We all want to live happy lives, and in the pursuit of happiness, many people believe that if they find the right job, meet the right person or earn a bigger salary they'll be happier. But just imagine if the answer to feeling happy resided in your gut. Well, new discoveries about the relationship between our brain and our gut indicate that it may well be the case.
In this article, and to commemorate this year’s International Day of Happiness, we explore the fascinating link between gut health and our happiness.
You have two brains. No really.
You may have heard the gut referred to as our “second brain”. Like the brain in your head, the stomach is composed of its own network of neurons – approximately 100 million – found in the lining of the gut. This is known as the enteric nervous system (ENS).
An article from the UBC Graduate Program in Neuroscience shares, “Beyond the sheer volume of neurons, our second brain bears even more resemblance to the brain in our heads. The mass of neural tissue in our gut produces over 30 different neurotransmitters, which are signalling molecules typically associated with the brain.”
It was previously believed that communication went one-way, from the brain to the gut. However, we know today that it is a two-way signalling system that connects the gastrointestinal tract (GI tract) and the central nervous system (CNS). In fact, your brain and your gut communicate with each other constantly through neurotransmitters and hormones. Scientists call this physical and biochemical connection between the gut and the brain the “gut-brain axis.”
More than a gut feeling
Your body is home to many trillion microorganisms. Approximately 90-95% of these microorganisms can be found in your gut. Your gut flora, or microbiota, consists of trillions of bacteria belonging to thousands of different species. These bacteria influence and communicate with other organs in your body, including your brain via the vagus nerve.
As strange as it may be to think of our gut as our second brain, instinctively, we understand the connection between our brain, our gut and how we think and feel. For example, we often say that we have a "gut feeling" about something, that we "feel nauseous", or that we have "butterflies in our stomach". We say these things for good reason – your gut and your brain are connected via neurotransmitters.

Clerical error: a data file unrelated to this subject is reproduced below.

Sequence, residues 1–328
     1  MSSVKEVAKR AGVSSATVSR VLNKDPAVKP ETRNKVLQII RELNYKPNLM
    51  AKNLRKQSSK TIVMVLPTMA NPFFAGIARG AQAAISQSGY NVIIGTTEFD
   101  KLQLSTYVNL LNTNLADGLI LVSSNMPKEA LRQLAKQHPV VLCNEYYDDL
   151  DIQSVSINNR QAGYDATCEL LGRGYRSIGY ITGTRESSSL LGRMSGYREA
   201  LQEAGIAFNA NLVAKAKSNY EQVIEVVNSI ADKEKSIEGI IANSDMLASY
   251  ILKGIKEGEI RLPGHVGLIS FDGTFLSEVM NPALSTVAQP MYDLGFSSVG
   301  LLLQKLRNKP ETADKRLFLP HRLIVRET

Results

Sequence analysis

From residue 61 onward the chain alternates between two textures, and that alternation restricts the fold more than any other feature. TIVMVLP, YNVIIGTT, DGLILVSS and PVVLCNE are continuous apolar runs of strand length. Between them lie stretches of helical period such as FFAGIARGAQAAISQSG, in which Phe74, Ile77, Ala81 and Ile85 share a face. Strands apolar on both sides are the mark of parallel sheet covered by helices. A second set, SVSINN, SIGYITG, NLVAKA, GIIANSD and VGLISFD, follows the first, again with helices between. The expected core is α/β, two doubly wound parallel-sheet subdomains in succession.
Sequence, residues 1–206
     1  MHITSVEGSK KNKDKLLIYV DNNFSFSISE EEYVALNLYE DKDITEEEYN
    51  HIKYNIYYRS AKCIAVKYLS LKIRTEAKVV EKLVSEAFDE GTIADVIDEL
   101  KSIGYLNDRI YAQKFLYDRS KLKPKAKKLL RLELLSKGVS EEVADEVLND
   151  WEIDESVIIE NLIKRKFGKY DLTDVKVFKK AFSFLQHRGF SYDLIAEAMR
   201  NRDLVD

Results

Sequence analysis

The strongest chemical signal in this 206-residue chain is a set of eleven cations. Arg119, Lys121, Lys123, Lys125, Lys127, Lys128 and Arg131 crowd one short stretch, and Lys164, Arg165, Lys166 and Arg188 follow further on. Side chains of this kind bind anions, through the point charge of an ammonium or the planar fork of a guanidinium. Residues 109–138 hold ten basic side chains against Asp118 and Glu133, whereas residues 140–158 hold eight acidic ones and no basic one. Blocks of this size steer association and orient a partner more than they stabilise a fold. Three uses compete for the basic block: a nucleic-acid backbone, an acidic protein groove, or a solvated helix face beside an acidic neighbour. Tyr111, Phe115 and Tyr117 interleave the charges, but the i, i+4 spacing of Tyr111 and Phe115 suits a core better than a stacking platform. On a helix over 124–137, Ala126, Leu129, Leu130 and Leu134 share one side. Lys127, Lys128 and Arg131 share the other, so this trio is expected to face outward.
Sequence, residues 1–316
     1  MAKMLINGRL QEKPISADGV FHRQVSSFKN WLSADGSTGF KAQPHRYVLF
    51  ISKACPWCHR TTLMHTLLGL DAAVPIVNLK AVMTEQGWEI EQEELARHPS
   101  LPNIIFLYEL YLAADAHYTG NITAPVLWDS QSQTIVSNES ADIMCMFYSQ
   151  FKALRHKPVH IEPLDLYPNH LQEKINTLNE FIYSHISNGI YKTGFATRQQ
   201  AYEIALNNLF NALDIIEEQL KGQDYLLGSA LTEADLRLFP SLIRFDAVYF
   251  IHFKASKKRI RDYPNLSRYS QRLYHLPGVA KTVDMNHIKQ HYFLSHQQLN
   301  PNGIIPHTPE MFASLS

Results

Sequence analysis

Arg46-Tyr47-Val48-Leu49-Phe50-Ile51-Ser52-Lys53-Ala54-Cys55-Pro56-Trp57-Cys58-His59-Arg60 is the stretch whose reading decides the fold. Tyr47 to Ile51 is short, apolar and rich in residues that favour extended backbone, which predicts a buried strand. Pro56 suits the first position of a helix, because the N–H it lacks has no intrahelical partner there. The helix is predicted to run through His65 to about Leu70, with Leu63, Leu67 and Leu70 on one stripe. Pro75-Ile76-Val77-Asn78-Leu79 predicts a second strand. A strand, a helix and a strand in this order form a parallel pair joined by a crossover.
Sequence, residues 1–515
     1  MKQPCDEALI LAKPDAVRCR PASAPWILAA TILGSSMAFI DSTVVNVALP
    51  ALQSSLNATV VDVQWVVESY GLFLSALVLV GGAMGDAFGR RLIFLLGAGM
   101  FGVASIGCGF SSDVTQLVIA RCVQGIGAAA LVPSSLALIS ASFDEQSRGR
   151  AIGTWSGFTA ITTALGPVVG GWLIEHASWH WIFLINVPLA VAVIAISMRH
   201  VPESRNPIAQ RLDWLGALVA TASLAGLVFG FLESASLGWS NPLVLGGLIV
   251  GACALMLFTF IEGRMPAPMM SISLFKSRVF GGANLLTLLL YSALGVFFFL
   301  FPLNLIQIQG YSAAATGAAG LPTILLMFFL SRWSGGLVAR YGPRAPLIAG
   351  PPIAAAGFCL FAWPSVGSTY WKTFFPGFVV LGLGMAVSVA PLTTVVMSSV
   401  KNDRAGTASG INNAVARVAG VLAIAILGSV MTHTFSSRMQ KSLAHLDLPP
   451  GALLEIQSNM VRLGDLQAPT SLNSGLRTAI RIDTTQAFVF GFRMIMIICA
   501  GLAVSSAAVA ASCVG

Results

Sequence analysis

For example, think about when you’re hungry – that’s your gut communicating with and sending a signal to your brain. As one Harvard Medical School article explains, “The very thought of eating can release the stomach's juices before food gets there. This connection goes both ways. A troubled intestine can send signals to the brain, just as a troubled brain can send signals to the gut.”
The link between your gut and your happiness
So, how is it possible that our gut could affect our happiness? As an article by the American Psychological Association shares, gut bacteria produce and respond to the same neurochemicals that the brain uses to regulate mood and cognition. Those neurochemicals include GABA, serotonin, norepinephrine, dopamine, acetylcholine and melatonin.
Serotonin and dopamine, known as "feel-good hormones", are important neurotransmitters that the body uses to regulate various processes and functions, including sleep, digestion, and metabolism. Having healthy levels of both serotonin and dopamine plays a significant role in your mood and helps you to feel happier and less stressed.
Gianfranco Grompone, Chief Scientific Officer at BioGaia explains, “It was recently discovered that our gut microbiota helps us to digest food and interacts with our immune system. We identified that some of these bacteria can produce neurotransmitters, they can produce molecules, which directly activate some of our behaviours or are directly connected to our mood, especially serotonin, dopamine, melatonin, and other types of molecules.”
Now, here’s where it gets really interesting; incredibly, 95% of the serotonin and approximately 50% of all dopamine in your body is produced by your gut. That's right – your gut, not your brain.
“What I think is particularly fascinating is the concept of mankind’s coevolution with these bacteria and why, in the curves of evolution, we let them – the bacteria - produce such an important molecule like serotonin. We still don't have all the answers, but it shows the intimacy that is established between these bacteria and our bodies,” says Grompone.
Although we are just at the beginning of understanding the relationship between the brain and the bacteria in our gut, the fact that these "feel-good hormones" are produced by the gut shows how our gut health and microbiome directly affect our happiness and overall well-being.
You can learn more about probiotics and bacteria strains in our Learning Lab.